Toorak Uniting Church

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Investment, Faith and Suffering

Jeremiah 32: 1 – 3, 6 – 15     Luke 16: 19 – 31
Rev. Ian Brown
26 September 2004

Jesus tells what is a quite playful story about the ultimate destination of rich and poor. The privileged and the pathetic all will come to an end and then what becomes of them? The children’s story details, like the conversation between heaven and hell show it’s allegorical nature, but none the less the teaching is pointed and profound.

Jesus teaching here is like many of his stories where the expected order and outcome are radically reversed.
But it’s much more than an awkward story about money, it’s much deeper than a moralistic tall tale and much more significant than a promise of pie in the sky post-mortem.

But before we come to unpacking the parable I want to look at the obscure text from Jeremiah as an introduction.

When I set this reading, I must confess I wondered if anyone would listen to it all.
Should you manage the admirable feat of getting past the marvelous and multi-sylabic names; the likes of Nebuchadrezzar, Zedekiah and Hanemal – it seems to be a story about the purchase of a paddock.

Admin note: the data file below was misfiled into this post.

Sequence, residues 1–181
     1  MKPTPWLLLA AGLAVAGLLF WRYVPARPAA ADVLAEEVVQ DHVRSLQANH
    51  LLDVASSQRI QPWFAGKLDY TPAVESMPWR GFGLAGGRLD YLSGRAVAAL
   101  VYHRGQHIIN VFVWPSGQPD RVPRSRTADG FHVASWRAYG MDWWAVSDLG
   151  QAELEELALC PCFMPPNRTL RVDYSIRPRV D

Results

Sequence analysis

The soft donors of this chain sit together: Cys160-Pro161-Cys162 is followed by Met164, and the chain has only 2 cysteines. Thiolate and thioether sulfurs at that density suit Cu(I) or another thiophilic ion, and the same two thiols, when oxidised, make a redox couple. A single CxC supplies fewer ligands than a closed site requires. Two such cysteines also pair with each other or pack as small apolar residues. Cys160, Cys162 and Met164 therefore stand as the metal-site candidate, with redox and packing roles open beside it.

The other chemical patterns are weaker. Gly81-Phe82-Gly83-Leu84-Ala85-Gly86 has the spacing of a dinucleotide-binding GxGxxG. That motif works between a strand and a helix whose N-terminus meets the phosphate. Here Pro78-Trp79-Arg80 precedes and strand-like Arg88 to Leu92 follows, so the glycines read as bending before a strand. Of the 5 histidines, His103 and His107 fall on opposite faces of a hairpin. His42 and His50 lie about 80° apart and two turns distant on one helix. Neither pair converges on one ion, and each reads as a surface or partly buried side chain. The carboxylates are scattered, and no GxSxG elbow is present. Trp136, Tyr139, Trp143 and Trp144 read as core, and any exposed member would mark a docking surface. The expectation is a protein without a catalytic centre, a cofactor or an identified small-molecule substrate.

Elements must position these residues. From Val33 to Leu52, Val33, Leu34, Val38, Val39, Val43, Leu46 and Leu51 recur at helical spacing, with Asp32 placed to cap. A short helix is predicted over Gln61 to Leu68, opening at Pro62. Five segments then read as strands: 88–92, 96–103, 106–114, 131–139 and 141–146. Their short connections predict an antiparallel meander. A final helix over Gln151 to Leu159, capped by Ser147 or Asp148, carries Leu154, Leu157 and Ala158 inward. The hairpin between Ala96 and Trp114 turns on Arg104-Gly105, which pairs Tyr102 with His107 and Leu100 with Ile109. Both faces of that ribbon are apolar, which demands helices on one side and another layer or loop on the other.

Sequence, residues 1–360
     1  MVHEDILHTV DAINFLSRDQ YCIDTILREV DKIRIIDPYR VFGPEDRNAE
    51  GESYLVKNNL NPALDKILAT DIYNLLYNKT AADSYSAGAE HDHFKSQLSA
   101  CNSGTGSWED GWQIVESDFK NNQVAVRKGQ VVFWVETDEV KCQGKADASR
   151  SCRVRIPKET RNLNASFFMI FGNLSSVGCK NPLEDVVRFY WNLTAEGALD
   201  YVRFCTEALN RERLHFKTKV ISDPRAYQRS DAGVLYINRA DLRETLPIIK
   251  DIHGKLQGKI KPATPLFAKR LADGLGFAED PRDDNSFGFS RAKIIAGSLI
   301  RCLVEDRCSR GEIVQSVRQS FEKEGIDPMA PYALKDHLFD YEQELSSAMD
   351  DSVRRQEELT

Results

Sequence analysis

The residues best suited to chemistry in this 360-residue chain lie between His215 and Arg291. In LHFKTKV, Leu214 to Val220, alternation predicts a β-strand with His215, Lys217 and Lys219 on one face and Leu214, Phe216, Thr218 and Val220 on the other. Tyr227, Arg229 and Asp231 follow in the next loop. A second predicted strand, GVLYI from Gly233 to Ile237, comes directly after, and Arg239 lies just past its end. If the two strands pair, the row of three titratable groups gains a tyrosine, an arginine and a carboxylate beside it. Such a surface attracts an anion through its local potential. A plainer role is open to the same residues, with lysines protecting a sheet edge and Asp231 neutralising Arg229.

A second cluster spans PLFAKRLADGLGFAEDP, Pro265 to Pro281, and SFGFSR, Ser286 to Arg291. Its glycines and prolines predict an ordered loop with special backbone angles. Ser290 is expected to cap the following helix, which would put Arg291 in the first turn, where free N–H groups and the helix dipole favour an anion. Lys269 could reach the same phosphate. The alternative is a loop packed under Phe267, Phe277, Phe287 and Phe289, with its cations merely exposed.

Yes, Jeremiah, the prophet, buys a piece of real estate, a field in Ananoth, and he puts the deeds in a jar. That’s not very remarkable, but put it in it’s context and it is something very different.

For a parallel, imagine the story set in Iraq recently. George and his planes and tanks are massing at the border and the holy man whose job it is to tell Saddam that his country is doomed, all is lost, the same holy is man is told by God to snap up a quick deal on a piece of local real estate and hold on tight to the deeds.

The prophet of doom is told also, you see to invest in the future of this place because one day it will be restored.
This is very much a grounded act of faith. "After the doom, Jeremiah, after the destruction there is hope once more" this God is saying. All is not lost. Have faith, invest in the future.

In the gospel, Lazarus seems to live a life of being lost, and he dies, then rich man – the not lost man, by all estimations – he dies too and turns out to be more lost than Lazarus. He is worried about how lost his brothers are, he wants them to avoid this suffering, but how can they be changed?

I believe this story is a clear statement of the gospel, but not just a gospel of God’s gracious giving to us, in the way we see it expressed in the act of baptism. In baptism we are all accepted without qualification or prerequisite. This statement of the gospel is for those who have grown up and have their part to play investing in faith, in showing God’s grace to others.

The stark and disturbing challenge comes to those who have but do not share, and it raises the profound question; what will make people believe, what will convince?

Perth doctor, Ken Collins is the antithesis of the rich man in Jesus story. He has given of himself to the poor in India, the Philippines and Indonesia as well as working for refugees in Hong Kong and New Guinea. He has seen the worst of the world’s poverty and often treated 150 patients per day.